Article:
The first support to national centres started in the 1990 and this long-term commitment has created strong institutional and personal links and helped build research capacity, in the form PhD, MSc and lower-level training, as well as institutional capacity in the form of infrastructure support and publications.

There is evidence that collaborating research institutions have been strengthened and that the strong personal links with Danish researchers established as a result of the long-term commitment, have been the driving force behind the successful establishment of research projects (including FFU projects). This has made collaborating research institutions stronger when competing for international financial resources, and thus helped make them financial independent.

Table 9 Partial summary of PhD, MSc and publication records for DFSC and SHC
Description Performance 2006 2007 2008 2009 2010
Danish Seed Health Centre
PhD Target 7 9 11 1 0
Actual 9 13 9 4 0
MSc Target 0 5 7 7 5
Actual 2 5 3 7 4
Articles/abstracts published (Only reported as output from 2009 onwards) Target n/a n/a n/a 7 6
Actual n/a n/a n/a 12 16
Danish Forest Seed Centre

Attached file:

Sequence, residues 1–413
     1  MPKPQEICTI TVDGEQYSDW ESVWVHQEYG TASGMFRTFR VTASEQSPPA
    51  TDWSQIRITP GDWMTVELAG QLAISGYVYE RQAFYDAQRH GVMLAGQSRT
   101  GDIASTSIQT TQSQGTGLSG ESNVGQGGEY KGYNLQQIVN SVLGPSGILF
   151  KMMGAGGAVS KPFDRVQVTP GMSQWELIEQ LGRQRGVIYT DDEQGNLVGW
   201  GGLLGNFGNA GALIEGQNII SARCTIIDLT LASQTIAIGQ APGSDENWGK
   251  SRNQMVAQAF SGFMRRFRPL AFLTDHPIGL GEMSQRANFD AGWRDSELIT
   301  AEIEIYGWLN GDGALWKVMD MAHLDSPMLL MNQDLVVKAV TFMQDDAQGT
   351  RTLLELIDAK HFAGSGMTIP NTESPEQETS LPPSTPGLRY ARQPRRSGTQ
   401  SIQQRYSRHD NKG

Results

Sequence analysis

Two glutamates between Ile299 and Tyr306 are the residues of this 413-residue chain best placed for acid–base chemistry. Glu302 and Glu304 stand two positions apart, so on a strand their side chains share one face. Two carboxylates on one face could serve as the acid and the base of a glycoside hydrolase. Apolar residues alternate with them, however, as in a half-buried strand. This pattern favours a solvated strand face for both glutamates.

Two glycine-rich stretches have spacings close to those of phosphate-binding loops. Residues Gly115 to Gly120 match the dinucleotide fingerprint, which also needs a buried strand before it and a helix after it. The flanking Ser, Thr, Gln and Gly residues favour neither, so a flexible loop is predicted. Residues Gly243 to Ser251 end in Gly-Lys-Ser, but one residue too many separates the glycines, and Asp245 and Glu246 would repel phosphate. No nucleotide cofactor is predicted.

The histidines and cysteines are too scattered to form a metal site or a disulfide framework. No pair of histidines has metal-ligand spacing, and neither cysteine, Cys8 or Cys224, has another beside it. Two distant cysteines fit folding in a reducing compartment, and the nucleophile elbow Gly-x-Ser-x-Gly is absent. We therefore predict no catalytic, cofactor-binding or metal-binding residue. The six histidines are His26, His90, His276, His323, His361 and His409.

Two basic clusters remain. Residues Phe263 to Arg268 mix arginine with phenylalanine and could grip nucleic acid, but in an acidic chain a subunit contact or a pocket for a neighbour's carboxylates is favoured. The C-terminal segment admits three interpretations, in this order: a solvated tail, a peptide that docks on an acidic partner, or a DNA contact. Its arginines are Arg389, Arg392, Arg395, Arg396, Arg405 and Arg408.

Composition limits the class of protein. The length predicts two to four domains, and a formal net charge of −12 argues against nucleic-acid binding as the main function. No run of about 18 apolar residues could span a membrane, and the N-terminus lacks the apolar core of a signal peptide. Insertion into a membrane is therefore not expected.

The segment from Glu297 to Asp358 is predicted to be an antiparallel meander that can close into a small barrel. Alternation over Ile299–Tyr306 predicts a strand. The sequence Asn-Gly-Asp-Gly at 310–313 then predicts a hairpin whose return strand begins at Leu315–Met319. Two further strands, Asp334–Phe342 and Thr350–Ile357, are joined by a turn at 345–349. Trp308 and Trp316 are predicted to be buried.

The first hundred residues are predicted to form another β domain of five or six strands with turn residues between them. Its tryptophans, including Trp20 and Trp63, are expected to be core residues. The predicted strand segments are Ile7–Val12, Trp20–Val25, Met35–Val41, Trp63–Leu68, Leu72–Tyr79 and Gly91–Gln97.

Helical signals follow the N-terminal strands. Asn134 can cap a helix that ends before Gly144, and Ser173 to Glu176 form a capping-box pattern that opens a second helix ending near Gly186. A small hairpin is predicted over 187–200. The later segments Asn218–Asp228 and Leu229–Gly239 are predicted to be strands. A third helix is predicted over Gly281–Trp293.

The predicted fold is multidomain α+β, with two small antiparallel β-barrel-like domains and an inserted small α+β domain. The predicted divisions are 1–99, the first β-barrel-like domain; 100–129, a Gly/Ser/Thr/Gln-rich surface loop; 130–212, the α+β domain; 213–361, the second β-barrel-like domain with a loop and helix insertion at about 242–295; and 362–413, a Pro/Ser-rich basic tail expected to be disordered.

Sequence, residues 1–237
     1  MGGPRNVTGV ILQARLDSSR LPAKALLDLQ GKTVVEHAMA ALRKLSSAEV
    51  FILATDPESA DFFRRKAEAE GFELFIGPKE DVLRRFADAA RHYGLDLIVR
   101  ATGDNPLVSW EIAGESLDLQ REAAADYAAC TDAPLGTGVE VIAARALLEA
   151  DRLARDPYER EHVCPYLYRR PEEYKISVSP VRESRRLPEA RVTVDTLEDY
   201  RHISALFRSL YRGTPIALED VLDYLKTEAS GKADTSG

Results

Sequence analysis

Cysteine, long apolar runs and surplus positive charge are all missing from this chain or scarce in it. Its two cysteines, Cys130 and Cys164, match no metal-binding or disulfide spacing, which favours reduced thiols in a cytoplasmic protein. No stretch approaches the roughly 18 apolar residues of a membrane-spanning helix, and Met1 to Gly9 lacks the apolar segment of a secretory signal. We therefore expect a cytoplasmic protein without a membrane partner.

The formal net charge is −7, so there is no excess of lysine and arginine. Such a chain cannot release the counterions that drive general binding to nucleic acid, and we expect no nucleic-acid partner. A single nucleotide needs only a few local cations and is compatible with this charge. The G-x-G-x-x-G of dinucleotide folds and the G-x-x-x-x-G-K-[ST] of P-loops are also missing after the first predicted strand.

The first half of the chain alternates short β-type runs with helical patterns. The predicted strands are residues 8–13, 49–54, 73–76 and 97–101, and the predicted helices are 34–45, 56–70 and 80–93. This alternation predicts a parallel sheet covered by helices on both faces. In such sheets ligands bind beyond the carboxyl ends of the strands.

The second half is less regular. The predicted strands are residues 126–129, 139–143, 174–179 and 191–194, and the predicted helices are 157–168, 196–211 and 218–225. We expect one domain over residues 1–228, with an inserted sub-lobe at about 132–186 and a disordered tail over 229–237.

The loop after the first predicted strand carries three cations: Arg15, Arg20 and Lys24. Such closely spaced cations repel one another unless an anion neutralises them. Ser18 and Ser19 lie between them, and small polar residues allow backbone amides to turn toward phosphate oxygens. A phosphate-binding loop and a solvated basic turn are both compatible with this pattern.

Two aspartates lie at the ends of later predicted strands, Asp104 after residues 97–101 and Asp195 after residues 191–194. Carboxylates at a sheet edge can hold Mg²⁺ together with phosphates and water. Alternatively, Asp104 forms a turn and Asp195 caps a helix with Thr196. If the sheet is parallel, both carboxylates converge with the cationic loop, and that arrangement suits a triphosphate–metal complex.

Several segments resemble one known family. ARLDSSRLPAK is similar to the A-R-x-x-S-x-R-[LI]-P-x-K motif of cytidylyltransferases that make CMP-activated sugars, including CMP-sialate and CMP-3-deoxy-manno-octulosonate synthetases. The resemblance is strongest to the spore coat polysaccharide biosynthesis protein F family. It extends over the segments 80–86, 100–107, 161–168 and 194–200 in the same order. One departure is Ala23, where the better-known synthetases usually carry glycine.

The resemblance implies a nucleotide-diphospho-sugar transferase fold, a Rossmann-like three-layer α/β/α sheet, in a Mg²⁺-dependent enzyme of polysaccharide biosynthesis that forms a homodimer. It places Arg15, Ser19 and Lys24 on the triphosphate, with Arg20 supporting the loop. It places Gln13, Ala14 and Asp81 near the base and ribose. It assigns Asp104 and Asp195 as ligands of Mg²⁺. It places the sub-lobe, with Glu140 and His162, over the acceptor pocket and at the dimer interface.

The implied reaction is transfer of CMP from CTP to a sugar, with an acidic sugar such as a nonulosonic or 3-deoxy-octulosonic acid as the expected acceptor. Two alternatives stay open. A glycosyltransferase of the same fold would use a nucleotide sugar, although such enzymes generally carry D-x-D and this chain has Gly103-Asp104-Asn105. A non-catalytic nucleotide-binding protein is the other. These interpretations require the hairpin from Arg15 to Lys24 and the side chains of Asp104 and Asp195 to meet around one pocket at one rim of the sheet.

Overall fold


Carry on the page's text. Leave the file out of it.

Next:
PhD* Target n/a n/a 4 4 4
Actual 2 4 4 4 2
MSc** Target n/a n/a 12 12 11
Actual n/a n/a 14 12 12
Articles/abstracts published Target n/a n/a 9 7 7
Actual 2 4 9 17 15

* No targets were set for PhD in 2006 and 2007.
** Annual reports do not report on numbers of MSc.

4.4 Efficiency

The centre modality had a narrow, specialised and technical focus which ensured that all resources used in providing support were carefully targeted. With management costs of approximately 16%, this was a relatively low-cost modality; however, the funding allocation was non-competitive, relying on self-reporting of performance against targets for disbursement from Danida.

The long period of support to the centres (more than 40 years) has provided Danida with a unique database[32]. Geographically the focus of support was broad; the DFSC has been involved in tree seed projects and helped establish national forest seed centres in some 20 countries worldwide[33] and the DSHC has been involved in setting up seed pathology laboratories in 17 countries[34]. This does not appear to have reduced efficiency in terms of supporting and establishing national centres in targeted countries.

4.5 Impact/Sustainability

The performance indicators are based on outputs instead of outcomes which make it difficult to measure impact. There is limited documentary evidence for impact or outcomes on policy or of any strategic influence; however this does not mean that there have been none. Reforestation policy in Thailand and participatory forest management initiatives in Tanzania suggest some influence from this Danida support.